Image source, Wa policeImage caption, Police released a photo of Cleo Smith after her rescue
Early on Wednesday, police smashed their way into a house in the Australian town of Carnavron, where they found a four-year-old girl who had been missing for 18 days.
Cleo Smith disappeared from her family's tent at a campsite near Carnarvon on 16 October, triggering a massive search operation.
A 36-year-old man is now in custody and being questioned by detectives.
Here's what we know about case and what led police to Cleo.
'Needle in a haystack'
Cleo's family were on the first night of their holiday at the Quobba Blowholes camping ground when she went missing between 01:30 and 06:00 on 16 October.
The remote site in Macleod is about 900km (560 miles) north of Perth, and is a local attraction on the state's Coral Coast – known for its windswept ocean scenery, sea caves and lagoons.
Image source, EPAImage caption, A major police operation was launched after Cleo went missing
Cleo had been sleeping on an air mattress next to her younger sister's cot. When her mother, who had been sleeping in the second room of the tent, got up in the morning, Cleo was gone and the tent door was open.
Police said this raised fears of an abduction. Ms Smith was adamant Cleo would not have left the tent on her own.
A major search operation involving a task force of more than 100 officers was launched.
Western Australia Deputy Police Commissioner Col Blanch has described it as being like looking for "a needle in a haystack".
Thousands of pieces of evidence
The search for Cleo covered land, sea and air, with reconnaissance planes used to comb sparsely populated areas.
ABC reporter Evenlyn Manfield described the extensive search operation, saying police were "up in the air, on horseback, using drones to forensically map every area inch-by-inch looking for clues".
Police even scoured through hundreds of bags of roadside rubbish along a 600km (373 mile) stretch of Western Australia.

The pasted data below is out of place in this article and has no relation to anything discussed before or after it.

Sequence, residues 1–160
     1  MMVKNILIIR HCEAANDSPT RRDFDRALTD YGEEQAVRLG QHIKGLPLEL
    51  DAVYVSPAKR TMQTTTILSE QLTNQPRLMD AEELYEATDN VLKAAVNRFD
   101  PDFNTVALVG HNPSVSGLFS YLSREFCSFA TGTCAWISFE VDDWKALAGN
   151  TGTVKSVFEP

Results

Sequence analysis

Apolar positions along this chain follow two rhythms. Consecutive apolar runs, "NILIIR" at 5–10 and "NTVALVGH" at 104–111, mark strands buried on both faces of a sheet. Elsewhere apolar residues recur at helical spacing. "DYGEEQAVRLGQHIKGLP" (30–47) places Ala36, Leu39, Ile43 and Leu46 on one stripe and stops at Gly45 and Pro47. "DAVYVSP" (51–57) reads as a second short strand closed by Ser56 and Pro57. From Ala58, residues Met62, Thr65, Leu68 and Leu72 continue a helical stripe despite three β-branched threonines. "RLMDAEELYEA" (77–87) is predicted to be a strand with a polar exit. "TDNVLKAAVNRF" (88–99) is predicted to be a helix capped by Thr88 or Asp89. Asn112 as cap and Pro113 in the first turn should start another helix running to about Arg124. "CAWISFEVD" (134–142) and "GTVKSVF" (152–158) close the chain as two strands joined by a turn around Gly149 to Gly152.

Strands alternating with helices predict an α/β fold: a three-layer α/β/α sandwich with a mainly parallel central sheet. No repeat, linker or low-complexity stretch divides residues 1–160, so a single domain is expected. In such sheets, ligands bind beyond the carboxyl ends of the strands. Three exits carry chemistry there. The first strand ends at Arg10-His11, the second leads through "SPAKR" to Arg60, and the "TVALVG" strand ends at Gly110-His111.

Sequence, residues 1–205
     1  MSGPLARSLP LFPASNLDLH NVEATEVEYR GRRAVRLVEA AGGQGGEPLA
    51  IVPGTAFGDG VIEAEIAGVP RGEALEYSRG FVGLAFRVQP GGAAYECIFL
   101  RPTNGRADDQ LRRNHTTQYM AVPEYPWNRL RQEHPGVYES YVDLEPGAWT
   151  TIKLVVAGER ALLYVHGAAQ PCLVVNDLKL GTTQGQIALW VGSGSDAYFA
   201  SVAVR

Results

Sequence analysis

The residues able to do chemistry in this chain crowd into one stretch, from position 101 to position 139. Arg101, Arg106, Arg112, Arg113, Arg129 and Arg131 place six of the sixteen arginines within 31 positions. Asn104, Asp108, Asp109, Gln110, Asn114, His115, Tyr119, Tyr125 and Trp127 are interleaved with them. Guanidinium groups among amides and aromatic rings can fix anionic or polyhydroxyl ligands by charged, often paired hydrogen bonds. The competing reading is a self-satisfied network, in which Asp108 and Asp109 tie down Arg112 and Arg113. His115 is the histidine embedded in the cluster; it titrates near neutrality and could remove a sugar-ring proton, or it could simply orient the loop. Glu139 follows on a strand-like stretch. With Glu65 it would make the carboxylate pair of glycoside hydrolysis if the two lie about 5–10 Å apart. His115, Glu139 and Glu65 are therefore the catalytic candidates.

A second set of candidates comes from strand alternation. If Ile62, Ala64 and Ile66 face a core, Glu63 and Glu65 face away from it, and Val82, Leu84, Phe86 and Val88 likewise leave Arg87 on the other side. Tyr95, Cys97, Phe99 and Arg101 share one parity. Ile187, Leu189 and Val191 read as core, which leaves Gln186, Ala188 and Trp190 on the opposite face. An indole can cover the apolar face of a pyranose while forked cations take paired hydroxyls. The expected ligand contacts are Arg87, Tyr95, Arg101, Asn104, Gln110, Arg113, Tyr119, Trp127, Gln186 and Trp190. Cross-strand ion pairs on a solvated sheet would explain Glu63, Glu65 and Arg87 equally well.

Authorities also offered a A$1m ($750,000; £540,000) reward for information on Cleo's whereabouts.
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Over the 18 days that Cleo was missing, police said they collected thousands of pieces of evidence, intelligence, data and witness statements.
Deputy Commissioner Blanch described it as being a "hard, hard slog".
"Combined with some early information, this was dogged, methodical police work," said Commissioner Chris Dawson, adding that the team had "worked their way through every lead possible".
The final pieces of the puzzle
Police have not revealed the exact details of what led them to the locked house in Carnavron, where they found Cleo alive and well.
Commissioner Dawson told reporters "really important" information about a car helped direct police to the house, but has not elaborated on what this was.
He and other officers have also stressed that a number of forensic clues were vital in finding the missing four-year-old.
Deputy Commissioner Blanch said phone data also played a key role.
"It's a big jigsaw, you know, everything contributed," he said.
"There were lots of things, that when we put the puzzle together it all led to one place, and that's where we found Cleo."